These types of innovative initiatives are only the beginning. More universities need to play their part in scaling up access to higher education while also considering the special needs of those who are harder to reach.
Initiatives to increase inclusivity on university campuses result in positive outcomes, but, to truly have an impact, universities must adopt new approaches that make higher education available to everyone.
Shift #3: From offering new skills and tools for the rapid changes in today’s workforces to preserving and reinforcing our ethics and values amid radical technological change
This is without a doubt the most challenging and uncertain shift. Universities are already bearing the brunt of the pressure to prepare graduates who are instantly employable, even as changes in work accelerate.
A shift by universities to help make education more accessible will help and will also magnify a change in who we consider to be students. Early impact studies of MOOCs show that short online courses and credentials have had the largest uptake among adults who are educated and already in the workplace. They enroll in popular courses like coding, data analytics, and supply chain management to get ahead in their careers or in anticipation of career changes.
This development has spurred some universities, such as Northeastern University, to think about education as membership-based, where students no longer spend four years studying for a degree but rather come in and out of university on a regular basis.
Other universities are offering their students the chance to learn and work at the same time so that the transition from school to work is seamless. For example, at Waterloo University, one of the world’s largest and most successful providers of cooperative education (combining classroom-based education with practical work experience for credit), just over 96 percent of its co-op graduates obtain a full-time job within six months of graduating.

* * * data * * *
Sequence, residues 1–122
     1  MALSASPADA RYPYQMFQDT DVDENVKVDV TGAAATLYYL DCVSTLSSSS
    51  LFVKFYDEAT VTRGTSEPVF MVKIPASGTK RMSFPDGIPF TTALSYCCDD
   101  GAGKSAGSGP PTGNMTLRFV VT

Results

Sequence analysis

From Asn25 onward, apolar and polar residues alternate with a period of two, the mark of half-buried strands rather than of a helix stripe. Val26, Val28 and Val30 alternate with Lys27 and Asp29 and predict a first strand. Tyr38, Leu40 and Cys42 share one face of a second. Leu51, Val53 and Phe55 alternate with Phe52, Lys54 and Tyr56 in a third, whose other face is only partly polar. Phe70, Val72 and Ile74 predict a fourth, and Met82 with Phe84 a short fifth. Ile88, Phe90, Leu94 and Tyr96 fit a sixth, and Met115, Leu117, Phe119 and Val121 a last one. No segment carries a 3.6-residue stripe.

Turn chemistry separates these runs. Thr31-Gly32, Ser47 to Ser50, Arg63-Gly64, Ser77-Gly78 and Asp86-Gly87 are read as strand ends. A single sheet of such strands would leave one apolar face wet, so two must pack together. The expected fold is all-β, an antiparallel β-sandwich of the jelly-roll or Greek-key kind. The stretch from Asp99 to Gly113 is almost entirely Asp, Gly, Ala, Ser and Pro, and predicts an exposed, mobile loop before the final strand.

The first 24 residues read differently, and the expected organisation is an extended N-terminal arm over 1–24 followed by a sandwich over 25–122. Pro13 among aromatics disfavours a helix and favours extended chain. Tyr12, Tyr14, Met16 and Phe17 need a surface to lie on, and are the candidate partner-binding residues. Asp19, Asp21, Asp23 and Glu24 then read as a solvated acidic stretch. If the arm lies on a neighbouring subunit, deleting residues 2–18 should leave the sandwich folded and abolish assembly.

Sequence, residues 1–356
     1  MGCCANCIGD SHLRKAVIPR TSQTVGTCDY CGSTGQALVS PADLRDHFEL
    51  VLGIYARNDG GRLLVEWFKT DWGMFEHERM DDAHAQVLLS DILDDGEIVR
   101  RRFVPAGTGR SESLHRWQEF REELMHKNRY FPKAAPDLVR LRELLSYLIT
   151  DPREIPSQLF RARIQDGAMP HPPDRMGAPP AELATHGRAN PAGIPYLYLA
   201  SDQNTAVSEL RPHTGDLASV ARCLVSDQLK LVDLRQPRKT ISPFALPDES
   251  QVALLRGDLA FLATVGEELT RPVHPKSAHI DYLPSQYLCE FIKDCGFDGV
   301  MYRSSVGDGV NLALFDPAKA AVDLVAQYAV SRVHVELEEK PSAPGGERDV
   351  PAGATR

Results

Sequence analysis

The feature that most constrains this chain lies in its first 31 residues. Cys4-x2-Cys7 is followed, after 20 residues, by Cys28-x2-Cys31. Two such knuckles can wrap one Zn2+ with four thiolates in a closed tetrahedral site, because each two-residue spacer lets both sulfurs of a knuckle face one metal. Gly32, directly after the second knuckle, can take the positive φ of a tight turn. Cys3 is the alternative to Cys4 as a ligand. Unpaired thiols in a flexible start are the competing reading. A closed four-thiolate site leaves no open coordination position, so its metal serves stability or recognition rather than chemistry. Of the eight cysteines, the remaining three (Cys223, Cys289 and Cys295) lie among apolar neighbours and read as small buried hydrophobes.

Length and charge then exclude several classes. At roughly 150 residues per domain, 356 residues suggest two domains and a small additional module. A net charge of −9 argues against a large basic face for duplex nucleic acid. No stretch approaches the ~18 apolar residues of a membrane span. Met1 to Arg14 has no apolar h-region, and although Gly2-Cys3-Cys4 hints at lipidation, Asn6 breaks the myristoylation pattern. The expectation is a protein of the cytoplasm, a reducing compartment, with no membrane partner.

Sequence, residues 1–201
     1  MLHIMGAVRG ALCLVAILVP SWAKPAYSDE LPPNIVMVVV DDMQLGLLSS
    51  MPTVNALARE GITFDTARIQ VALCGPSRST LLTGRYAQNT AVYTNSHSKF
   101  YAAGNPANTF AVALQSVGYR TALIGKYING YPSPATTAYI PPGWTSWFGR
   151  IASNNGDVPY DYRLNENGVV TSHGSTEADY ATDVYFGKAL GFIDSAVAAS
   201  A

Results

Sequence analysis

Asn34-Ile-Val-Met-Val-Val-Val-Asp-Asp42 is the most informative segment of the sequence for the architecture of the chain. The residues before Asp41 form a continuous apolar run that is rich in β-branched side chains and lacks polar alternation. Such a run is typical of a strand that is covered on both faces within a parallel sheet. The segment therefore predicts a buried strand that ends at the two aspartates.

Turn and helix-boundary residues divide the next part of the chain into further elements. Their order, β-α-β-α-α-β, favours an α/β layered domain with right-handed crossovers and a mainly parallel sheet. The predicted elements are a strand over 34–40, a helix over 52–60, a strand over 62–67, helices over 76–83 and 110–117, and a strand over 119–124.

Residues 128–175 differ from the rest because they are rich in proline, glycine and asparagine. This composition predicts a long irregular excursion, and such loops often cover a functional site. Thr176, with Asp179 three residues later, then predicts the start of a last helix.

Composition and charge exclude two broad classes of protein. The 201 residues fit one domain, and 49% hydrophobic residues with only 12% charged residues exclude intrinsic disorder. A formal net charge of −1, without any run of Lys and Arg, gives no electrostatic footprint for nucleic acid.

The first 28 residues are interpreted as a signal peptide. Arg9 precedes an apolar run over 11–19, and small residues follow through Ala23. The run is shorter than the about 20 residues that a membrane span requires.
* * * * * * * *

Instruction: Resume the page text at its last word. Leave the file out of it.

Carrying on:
But, cooperative education, lifelong education, and even MOOCs still fall into the category of incremental change—it is simply not enough.
We live in a time that is not only already experiencing tremendous technological change, but that has inconceivable technological capabilities.
Rapid progress in manipulating DNA, creating parallel worlds and simulations with virtual reality, and relying on artificial intelligence are just three areas of stunning breakthroughs and profound challenges.
These trends could entirely reshape not only work, but the evolution of life on earth—they pose immense questions and threats to humanity.
Universities must respond not only by teaching more coding, but by thinking deeply about what makes us human—our most cherished human traits, ethics, and values—and how we want to evolve as a society.
As institutions that have helped steer society in the past, universities will need to provide leadership now more than ever. This will be far more important than any short-term fixes universities can make, such as trying to keep up with workforce skills amid accelerating change.
What organization is better positioned than the university in addressing the biggest questions of our time and in doing so serving humanity?